More recently the Government has extended its warnings on dioxins and PCBs to include some non-oily fish including: sea bream, turbot, halibut, dog fish or huss, and sea bass. However, it also continues to recommend we eat oily fish. The mixed messages have left people understandably confused. Farmed fish are not the answer. In general they tend to contain less omega-3s than their wild counterparts and more toxins. In fact, the levels of toxins in farmed fish are a significant concern to many scientists.
A comparison of farmed salmon and wild salmon found that the farmed fish had consistently higher levels of contaminants, including PCBs. Other studies show similar findings. This could mean considerable health risks for those who regularly eat farmed salmon. Fish is not a popular food in the UK; people eat only a third of a portion of oily fish a week with seven out of ten people consuming none at all. Promoting oily fish as a public health policy is clearly not working.
The worst consequence of this is that more helpful advice on how to get omega-3s from plant-based foods is just not being given. The good news is you don’t have to eat neurotoxins and carcinogens to get your omega-3s; there are perfectly safe plant sources. Many studies show that omega-3s from plants can protect health without exposing us to these harmful toxins. S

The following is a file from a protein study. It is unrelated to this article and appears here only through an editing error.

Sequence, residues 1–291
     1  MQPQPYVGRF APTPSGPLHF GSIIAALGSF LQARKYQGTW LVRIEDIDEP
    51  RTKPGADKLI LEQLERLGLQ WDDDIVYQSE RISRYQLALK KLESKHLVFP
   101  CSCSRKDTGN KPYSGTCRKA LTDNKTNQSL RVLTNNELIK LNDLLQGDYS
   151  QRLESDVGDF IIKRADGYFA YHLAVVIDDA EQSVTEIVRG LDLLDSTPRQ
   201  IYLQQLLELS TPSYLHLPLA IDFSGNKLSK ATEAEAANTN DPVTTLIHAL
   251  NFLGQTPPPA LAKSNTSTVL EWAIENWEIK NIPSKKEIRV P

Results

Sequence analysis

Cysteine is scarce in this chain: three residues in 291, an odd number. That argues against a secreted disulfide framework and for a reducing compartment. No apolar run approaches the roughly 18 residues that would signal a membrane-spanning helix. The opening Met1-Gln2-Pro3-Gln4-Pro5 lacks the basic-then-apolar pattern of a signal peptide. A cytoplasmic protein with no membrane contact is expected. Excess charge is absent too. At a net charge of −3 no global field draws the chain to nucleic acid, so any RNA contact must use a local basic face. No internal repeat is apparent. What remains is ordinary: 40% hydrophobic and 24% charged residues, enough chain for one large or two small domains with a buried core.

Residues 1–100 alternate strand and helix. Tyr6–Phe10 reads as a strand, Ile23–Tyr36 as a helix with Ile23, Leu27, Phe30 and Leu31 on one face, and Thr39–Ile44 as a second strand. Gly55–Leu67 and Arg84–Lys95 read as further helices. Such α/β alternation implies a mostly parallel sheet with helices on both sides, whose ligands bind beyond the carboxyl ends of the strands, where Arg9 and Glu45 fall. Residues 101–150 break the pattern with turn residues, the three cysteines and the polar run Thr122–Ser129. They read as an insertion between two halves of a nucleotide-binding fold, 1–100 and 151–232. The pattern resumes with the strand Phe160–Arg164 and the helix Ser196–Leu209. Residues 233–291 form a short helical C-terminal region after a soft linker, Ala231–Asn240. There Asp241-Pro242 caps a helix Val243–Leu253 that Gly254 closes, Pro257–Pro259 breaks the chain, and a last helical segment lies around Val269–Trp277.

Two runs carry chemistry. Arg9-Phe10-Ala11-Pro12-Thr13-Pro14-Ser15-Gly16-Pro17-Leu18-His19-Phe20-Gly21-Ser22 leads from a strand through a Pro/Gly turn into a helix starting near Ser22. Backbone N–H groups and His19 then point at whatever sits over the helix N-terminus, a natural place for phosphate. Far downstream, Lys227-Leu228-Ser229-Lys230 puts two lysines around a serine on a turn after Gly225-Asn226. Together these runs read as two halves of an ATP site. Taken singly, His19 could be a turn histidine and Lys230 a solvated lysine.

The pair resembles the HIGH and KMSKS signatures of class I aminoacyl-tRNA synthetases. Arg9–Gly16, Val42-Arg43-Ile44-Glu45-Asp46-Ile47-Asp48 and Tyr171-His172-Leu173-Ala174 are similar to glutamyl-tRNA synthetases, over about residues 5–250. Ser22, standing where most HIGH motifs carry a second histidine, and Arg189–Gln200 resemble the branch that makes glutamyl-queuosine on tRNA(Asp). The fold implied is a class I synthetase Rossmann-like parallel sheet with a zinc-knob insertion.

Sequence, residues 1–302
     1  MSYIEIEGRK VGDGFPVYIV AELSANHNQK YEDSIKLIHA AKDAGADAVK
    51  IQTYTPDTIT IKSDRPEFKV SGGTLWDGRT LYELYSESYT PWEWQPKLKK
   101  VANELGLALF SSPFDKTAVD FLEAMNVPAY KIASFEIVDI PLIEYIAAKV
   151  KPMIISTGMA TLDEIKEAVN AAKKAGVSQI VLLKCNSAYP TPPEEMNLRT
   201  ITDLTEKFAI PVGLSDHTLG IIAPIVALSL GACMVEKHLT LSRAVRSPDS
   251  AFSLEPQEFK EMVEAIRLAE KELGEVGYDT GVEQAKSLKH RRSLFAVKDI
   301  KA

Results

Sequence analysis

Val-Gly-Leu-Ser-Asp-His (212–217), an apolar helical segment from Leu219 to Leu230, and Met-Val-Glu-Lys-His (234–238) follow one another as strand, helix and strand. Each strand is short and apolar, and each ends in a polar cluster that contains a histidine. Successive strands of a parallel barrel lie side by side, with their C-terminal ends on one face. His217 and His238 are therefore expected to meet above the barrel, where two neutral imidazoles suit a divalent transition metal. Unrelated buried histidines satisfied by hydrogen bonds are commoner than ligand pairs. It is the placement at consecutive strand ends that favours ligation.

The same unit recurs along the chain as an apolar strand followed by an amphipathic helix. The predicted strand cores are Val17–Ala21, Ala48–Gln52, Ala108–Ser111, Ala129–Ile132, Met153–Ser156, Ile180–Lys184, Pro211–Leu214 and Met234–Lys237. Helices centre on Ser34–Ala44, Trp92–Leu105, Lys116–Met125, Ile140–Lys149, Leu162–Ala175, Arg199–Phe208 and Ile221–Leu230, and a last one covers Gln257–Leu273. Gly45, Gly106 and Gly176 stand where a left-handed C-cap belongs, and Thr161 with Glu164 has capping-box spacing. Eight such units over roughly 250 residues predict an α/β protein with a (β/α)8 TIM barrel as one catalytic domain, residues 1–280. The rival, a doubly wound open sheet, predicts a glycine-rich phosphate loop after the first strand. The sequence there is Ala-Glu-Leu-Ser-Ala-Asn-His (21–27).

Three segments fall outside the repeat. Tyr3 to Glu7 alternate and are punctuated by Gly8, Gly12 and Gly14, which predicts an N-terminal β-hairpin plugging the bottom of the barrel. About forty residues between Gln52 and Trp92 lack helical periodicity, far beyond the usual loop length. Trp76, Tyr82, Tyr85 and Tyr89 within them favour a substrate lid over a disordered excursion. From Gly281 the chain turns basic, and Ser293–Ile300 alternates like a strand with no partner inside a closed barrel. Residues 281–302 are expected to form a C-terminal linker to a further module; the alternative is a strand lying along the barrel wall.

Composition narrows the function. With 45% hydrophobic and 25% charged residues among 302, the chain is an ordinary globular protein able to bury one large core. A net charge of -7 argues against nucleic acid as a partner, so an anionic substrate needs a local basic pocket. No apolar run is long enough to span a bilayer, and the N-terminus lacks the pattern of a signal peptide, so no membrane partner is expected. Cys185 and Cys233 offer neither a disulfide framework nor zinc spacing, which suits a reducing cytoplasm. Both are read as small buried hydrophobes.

o as part of a vegetarian or vegan diet, plant-based omega-3s provide better protection from heart disease and many other degenerative conditions. This benefits the environment as well; plant-based sources of omega-3s are sustainable, fish are not. Safer, healthier and sustainable sources of omega-3s include flaxseeds (linseeds), rapeseeds, soya, walnuts and oils made from them. Some species of algae (and supplements made from them) can provide the longer chain omega-3s found in oily fish without exposing you to harmful pollutants.
By avoiding fish you can protect your health and help stop the destruction of the oceans caused by over-fishing. The research clearly shows that fish oils are not the wonder food the industry would have you believe. They don’t guarantee good heart health and turn all kids into geniuses. They are not the answer to arthritis and other inflammatory conditions (which vegetarians suffer much less from). We must stop looking for a ‘quick fix’ and focus on the bigger picture… improving our diets by cutting out the foods laden with animal fats, sugar, salt and cholesterol and eating more fruit, vegetables, pulses, wholegrains, nuts and seeds.
This fully-referenced scientific report examines the science behind the health claims and reveals the research the fish industry would rather ignore. It describes why omega-3 fatty acids are important and explains why plant-based oils are better for human health and the environment. It also describes what toxic substances are found in fish and reveals how harmful they can be. It explains why public health policies promoting oily fish are misplaced and undermine more effective and sustainable strategies. It will leave you in no doubt – fish is not a health food.
Click on the PDF link at the top of the page to read the report.